I am excited to be teaching Algebra 1 again this year. It's been about 6 years (more?). I have other classes, too, but this is the one that I haven't taught for a while, so I am a new person and hopefully I can bring all the new things I've learned in the last while to the little kidlets. I was at PCMI this summer, and one of the key take-aways I will be using in class is more and more frequent reflections on just about everything. The kids should be processing their information and recalling it frequently. I know this is nothing new, but I want to make a conscious effort this year for this.
Also, I love how my AP Calculus AB and APCS concept maps turned out to work in the last 2 years, so I will be handing out this concept map to my students in Algebra 1 this year:
Here is a link if you so choose.
Stunning! Love it! Inspired to think about what it would look like for Geometry and my new College Readiness Math class. Thanks for sharing!ReplyDelete
Thanks. I hope it shows the "forest" and the "trees" to the students.Delete
Hi, do you have a blog that explains the different sections of the concept map? Thank you for sharing it.ReplyDelete
Hello. I don't explain this anywhere. I am just going to use it periodically in class when we learn a new skill/topic and then see where it all fits. I am thinking that as the year goes on, they will see how everything is connected. I will probably adjust it next year if I see it needs improvement.Delete
Did I answer your question? Let me know if I didn't.
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Reallyy helpful that.ReplyDelete
Yikes, I hadn't realized you responded to my question. Today I reread the post and scrolled down to comment....I had the same question as before ; )ReplyDelete
This is a great visual for students and I will use it. Thank you for sharing.
Here's my question: You write RepreSent, why are you capitalizing sent?
Hi showmeyourwork. I write RepreSENT, because I've gotten in the habit of whenever I say that word to go really low and loud on the "sent", I guess I heard it in some modern context. Anyway, just an inside joke.ReplyDelete
I never really thought about creating a visual that would help the students to connect the concepts within the course. I think it is a great idea. I am going to think about how I can apply it to my mathematics 1 and mathematics 3 classes.ReplyDelete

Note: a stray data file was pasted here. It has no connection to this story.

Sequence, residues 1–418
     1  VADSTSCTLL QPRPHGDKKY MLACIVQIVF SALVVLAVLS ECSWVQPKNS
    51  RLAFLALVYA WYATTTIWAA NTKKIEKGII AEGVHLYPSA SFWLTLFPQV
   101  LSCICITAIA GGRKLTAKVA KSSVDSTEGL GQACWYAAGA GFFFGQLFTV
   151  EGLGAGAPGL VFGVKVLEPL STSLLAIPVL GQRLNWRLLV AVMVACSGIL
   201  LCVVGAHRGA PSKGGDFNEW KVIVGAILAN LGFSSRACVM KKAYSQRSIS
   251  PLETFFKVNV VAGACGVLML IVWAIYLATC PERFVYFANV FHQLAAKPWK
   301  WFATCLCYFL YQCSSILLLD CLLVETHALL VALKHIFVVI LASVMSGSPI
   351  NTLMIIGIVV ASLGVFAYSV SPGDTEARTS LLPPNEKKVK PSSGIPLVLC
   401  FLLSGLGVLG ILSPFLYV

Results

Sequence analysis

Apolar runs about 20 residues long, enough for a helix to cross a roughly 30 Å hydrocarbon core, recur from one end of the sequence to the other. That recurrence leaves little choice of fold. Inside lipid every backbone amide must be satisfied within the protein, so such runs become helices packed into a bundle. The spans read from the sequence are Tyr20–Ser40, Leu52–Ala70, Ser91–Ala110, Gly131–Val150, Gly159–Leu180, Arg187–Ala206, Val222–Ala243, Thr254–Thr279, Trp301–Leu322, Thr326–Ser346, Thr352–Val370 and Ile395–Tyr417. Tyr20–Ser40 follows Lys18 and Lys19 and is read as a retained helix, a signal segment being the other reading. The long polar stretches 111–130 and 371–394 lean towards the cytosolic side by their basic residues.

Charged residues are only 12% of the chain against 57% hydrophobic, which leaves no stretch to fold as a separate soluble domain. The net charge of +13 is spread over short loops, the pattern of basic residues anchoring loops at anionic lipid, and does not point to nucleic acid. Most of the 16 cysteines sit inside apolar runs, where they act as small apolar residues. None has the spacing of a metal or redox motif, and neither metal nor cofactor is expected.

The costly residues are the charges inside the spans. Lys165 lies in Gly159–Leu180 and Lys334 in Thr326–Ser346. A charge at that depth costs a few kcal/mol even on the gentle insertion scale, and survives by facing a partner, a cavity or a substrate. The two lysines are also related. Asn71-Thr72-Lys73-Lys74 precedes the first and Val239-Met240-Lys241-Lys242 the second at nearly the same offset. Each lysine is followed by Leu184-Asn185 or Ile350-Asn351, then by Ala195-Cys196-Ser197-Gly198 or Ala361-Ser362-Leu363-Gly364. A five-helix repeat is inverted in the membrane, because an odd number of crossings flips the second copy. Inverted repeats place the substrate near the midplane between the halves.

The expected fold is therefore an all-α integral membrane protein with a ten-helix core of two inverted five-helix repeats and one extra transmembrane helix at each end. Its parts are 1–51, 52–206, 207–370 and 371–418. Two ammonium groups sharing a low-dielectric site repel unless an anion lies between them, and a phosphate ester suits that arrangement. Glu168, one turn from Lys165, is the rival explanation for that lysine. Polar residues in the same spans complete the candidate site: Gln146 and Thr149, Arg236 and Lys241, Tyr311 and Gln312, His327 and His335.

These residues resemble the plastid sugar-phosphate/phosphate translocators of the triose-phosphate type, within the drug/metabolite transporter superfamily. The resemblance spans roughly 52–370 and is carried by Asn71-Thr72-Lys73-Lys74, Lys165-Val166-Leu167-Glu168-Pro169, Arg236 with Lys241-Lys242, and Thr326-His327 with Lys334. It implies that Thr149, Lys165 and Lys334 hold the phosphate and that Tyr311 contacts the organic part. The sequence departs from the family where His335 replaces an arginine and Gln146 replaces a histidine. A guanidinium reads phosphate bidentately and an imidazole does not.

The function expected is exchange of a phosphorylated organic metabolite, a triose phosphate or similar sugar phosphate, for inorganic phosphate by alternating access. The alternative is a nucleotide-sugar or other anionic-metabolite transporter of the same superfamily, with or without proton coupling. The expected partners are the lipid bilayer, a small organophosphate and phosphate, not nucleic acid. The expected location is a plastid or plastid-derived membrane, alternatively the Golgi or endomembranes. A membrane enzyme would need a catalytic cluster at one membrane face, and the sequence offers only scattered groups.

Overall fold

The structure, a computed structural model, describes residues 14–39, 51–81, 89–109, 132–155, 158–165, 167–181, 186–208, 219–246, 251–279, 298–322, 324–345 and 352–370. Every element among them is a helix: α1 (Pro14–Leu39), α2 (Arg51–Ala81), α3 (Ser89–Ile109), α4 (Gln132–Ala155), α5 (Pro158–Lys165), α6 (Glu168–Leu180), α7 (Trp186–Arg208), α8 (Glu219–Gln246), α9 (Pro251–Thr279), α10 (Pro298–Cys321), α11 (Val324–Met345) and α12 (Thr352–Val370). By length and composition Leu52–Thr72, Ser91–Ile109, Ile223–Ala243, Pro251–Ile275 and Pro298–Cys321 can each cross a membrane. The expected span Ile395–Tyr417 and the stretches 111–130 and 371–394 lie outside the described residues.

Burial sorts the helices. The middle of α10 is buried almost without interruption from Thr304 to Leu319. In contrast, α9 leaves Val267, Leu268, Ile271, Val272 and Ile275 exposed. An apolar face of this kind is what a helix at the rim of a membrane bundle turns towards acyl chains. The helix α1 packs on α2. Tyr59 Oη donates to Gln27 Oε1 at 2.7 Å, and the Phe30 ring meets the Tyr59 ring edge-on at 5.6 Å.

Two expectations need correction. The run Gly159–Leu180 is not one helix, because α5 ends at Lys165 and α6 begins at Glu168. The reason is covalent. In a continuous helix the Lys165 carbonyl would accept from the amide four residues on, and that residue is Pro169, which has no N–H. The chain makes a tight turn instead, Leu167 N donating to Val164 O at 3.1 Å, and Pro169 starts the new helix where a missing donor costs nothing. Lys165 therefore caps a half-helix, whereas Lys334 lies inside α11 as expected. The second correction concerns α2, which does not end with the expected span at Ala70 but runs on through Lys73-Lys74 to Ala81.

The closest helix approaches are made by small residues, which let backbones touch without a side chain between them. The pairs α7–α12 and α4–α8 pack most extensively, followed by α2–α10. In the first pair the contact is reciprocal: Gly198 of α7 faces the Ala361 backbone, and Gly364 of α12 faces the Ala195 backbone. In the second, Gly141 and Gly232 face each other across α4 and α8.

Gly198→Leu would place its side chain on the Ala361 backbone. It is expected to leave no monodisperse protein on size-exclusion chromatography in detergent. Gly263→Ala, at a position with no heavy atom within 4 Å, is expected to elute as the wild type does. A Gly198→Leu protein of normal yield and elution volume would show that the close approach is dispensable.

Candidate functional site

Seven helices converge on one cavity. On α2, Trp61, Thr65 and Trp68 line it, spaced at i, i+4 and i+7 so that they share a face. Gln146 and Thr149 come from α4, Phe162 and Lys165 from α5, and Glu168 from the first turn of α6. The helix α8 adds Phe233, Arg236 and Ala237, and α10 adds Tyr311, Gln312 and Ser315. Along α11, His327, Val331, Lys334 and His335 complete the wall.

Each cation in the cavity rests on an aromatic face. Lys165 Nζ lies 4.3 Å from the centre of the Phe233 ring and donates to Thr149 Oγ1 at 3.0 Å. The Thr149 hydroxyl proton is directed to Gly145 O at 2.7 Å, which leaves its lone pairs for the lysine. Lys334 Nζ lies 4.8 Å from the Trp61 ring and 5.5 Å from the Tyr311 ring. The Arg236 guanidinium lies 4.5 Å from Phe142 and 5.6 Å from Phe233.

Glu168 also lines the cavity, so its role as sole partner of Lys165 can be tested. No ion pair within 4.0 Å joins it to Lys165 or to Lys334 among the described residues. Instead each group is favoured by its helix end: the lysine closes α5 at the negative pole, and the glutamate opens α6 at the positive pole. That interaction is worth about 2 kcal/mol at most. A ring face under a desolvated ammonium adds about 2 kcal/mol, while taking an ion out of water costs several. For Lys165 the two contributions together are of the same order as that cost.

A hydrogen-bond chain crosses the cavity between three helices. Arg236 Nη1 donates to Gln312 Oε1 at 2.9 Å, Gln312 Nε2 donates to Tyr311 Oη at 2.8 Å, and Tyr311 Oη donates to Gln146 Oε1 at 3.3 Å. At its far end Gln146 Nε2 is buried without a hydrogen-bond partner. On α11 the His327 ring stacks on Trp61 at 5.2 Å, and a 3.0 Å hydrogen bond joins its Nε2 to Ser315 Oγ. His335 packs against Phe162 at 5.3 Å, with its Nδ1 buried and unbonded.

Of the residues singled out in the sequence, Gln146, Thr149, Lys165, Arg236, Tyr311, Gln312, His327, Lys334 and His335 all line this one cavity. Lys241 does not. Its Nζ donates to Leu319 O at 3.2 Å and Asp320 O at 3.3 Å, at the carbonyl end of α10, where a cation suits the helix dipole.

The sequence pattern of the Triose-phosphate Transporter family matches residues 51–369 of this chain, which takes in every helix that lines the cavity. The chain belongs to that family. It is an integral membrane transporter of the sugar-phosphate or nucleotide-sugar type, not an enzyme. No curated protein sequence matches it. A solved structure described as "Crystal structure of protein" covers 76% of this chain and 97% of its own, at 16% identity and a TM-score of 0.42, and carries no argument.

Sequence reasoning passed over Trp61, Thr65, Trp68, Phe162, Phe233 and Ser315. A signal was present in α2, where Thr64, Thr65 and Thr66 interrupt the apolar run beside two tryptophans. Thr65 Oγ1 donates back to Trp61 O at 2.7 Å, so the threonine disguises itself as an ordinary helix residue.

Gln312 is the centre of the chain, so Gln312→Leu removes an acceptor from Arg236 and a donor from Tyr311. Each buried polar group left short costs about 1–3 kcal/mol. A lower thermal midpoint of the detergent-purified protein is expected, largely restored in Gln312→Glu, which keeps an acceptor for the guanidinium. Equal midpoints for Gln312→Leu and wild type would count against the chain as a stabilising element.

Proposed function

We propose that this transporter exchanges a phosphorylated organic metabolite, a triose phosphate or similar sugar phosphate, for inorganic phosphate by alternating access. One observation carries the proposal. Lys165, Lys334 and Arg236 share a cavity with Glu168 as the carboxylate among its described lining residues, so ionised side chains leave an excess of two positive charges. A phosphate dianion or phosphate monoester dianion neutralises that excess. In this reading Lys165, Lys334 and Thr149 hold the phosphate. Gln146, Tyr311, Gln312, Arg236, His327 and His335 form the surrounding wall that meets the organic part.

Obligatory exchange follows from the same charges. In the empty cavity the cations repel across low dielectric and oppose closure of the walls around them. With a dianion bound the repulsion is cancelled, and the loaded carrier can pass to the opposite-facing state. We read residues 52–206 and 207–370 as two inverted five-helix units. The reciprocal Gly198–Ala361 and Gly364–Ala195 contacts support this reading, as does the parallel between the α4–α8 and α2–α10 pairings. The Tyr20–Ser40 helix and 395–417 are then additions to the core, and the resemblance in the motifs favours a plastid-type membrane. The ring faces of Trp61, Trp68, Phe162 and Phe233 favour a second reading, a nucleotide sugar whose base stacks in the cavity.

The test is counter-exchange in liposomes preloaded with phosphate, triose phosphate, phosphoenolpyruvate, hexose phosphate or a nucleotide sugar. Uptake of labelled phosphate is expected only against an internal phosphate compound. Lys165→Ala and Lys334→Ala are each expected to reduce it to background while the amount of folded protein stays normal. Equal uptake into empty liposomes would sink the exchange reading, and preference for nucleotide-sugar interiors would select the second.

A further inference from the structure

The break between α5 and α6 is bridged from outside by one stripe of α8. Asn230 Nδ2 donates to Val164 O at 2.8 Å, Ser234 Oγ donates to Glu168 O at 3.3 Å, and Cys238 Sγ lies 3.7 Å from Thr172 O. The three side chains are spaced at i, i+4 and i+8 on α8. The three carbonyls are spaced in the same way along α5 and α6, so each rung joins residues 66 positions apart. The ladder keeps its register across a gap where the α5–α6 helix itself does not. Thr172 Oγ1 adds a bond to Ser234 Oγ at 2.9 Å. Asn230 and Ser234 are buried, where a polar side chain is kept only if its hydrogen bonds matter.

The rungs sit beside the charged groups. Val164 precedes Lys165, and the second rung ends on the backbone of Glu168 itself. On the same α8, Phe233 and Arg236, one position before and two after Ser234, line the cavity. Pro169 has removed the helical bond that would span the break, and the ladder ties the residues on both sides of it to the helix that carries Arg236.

Thanks again for this blog post as a reminder. I catch myself not showing how concepts relate more often than I'd like, when a student is able to articulate they aren't seeing the why.ReplyDelete
Really thanks for sharing this new update.http://www.kidsfront.com/ReplyDelete
First of all I would like to thank the author for this brilliant article and the chance to check out this very detailed table which I am sure will help the teachers to better understand the principles of teaching, the kids can use it as a guide to the mathematical system of the world. I know that teaching Algebra can be hard, however, this post shows that you can figure it out if you put effort to it. I guess that even finding where to buy papers online would be easier than teaching Maths, that’s why this post is so valuable.ReplyDelete
Let me start by saying how much I LOVE the idea of a concept map for Algebra 1! I have taught Algebra 1 for seven years (this is actually the first year that I don't have an Algebra 1 section), and every year I get a number of students asking me the same question, "why do we have to learn this?". I try to stress at the beginning of the school year about the importance of Algebra as a problem-solving and critical thinking tool, but as the year progresses, this statement loses its meaning. Having a map like the one you shared will be such a valuable tool to reference throughout the year and reinforce the "big picture" idea. A few years ago we adopted the common core standards, which further emphasize the importance of students recognizing the connections between concepts. I'm picturing creating a large map like the one you shared to display in my room and reference at the end of each unit, then giving students time to do a quick closure activity where they reflect on the new topics they learned and how these are shown by the concept map.
You mentioned that you also teach AP Calculus and have a similar concept map for that class. Would you be willing to share? :) I also teach AP Calculus and am very interested in seeing what you do! Thank you so much once again for this great idea.
Hi Mirna. I do have a calculus concept map. Send me e-mail, and I can send it to you: firstname.lastname@example.orgDelete
Concept maps can be used for anything. Algebra is a good example. There are some good examples of Concept Maps that can be used to get started with mapping concept. Please do check them out, they are free to use.ReplyDelete